Some COVID-19 survivors haunted by loss of smell and taste

Until March, when everything started tasting like cardboard, Katherine Hansen had such a keen sense of smell that she could recreate almost any restaurant dish at home without a recipe, just by recalling the scents and flavors.

Then COVID-19 arrived. One of Hansen’s first symptoms was a loss of smell, and then of taste. She still cannot taste food, and says she can’t even tolerate chewing it. Now she lives on soups and shakes.

Hansen shared, “I’m like someone who loses their eyesight as an adult. They know what something should look like. I know what it should taste like, but I can’t get there.”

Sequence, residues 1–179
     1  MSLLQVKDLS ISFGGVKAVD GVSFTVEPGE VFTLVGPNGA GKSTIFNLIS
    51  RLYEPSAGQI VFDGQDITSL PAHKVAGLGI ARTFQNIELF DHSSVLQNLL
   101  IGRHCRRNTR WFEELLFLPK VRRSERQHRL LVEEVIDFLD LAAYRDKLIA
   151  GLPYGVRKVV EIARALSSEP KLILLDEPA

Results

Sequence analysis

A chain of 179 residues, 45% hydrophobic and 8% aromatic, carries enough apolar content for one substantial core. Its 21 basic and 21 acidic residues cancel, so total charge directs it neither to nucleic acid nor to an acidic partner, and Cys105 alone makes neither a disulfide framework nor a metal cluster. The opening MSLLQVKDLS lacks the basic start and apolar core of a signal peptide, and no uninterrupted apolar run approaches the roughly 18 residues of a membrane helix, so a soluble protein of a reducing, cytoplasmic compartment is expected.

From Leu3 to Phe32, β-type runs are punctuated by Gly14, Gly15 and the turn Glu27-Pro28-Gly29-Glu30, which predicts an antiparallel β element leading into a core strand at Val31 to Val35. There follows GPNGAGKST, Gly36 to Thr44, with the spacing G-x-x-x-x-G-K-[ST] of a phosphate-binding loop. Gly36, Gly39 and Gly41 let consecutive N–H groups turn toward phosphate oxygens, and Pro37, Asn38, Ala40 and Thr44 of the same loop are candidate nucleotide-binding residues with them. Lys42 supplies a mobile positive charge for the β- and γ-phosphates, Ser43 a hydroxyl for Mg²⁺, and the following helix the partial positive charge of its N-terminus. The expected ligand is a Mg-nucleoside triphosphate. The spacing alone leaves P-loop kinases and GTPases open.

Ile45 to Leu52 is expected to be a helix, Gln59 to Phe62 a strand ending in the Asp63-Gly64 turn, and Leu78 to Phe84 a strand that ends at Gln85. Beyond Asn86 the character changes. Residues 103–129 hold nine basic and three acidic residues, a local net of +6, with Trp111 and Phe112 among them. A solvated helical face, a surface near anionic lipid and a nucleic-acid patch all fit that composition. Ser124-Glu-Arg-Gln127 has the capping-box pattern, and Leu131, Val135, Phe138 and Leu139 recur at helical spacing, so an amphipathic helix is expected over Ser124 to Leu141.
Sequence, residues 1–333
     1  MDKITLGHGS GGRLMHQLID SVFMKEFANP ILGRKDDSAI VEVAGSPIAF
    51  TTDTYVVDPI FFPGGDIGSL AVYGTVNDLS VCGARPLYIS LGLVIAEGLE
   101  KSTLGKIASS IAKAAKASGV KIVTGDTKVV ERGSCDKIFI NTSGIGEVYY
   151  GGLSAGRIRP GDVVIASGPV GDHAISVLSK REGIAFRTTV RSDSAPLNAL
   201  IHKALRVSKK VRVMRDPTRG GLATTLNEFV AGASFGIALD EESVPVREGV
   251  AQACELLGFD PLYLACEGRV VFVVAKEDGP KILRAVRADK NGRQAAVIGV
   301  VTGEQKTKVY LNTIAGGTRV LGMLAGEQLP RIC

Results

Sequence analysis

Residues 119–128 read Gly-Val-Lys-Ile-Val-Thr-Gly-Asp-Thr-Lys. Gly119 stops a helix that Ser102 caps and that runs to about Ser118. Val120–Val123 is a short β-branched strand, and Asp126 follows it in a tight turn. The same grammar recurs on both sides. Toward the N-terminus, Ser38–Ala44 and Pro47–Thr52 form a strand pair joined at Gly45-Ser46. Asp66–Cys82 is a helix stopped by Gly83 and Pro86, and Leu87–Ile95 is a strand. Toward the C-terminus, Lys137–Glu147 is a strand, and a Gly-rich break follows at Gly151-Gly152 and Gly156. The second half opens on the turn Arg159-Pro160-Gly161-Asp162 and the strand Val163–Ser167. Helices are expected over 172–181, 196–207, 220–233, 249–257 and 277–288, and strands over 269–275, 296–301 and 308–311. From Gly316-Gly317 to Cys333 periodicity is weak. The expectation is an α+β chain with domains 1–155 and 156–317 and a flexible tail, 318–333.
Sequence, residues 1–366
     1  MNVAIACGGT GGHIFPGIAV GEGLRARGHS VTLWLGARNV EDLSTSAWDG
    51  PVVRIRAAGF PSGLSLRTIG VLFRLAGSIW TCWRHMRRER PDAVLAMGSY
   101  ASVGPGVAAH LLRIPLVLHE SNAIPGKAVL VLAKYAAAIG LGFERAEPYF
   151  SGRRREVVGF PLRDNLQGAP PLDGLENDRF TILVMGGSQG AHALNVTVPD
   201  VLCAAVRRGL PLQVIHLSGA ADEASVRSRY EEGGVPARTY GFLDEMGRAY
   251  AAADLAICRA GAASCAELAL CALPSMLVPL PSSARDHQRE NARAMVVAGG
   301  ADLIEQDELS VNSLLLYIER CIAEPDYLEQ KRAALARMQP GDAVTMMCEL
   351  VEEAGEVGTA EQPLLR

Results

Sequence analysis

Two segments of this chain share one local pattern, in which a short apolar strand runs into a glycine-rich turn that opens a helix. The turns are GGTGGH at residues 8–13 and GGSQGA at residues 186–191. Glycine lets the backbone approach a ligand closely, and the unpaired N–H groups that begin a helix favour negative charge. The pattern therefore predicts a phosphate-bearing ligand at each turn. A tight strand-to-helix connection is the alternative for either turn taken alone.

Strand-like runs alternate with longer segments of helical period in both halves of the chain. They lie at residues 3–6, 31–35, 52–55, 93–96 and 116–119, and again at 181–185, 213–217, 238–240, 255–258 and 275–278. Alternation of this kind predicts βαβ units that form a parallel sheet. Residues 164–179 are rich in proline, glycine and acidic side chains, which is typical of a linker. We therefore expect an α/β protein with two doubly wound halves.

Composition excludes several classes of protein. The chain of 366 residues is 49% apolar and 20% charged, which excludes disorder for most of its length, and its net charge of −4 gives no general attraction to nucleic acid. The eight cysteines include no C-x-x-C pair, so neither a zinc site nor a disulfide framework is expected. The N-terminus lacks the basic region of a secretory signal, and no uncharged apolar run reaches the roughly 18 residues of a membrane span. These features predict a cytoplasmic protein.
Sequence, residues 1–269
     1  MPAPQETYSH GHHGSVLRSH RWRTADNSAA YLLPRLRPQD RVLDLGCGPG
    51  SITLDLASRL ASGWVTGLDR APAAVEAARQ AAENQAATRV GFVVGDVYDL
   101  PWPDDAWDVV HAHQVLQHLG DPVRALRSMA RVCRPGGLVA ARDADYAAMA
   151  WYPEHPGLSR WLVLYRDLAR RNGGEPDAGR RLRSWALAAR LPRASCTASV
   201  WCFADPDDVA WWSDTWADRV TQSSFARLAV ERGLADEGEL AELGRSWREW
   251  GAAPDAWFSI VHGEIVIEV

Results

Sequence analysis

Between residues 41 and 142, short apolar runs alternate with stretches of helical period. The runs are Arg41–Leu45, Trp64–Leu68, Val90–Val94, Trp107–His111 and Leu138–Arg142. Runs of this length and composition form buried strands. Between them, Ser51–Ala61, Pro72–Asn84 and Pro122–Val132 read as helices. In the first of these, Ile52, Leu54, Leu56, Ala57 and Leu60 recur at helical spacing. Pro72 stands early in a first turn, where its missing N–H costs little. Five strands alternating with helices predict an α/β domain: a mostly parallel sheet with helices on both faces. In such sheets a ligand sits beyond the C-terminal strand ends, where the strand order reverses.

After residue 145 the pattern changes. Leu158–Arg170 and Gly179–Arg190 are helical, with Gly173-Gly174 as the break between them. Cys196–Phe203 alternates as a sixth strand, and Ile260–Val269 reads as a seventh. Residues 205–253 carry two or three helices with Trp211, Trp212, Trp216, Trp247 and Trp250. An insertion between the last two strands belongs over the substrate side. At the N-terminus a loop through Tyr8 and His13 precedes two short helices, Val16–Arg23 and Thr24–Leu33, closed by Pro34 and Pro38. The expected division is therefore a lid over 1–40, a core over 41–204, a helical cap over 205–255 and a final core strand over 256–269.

A diminished sense of smell, called anosmia, emerged as one of the telltale symptoms of COVID-19. It is the first symptom for some patients, and sometimes the only one.

Most regain their senses of smell and taste after they recover, usually within weeks. But in a minority of patients like Hansen, the loss persists, and doctors cannot say when or if the senses will return.

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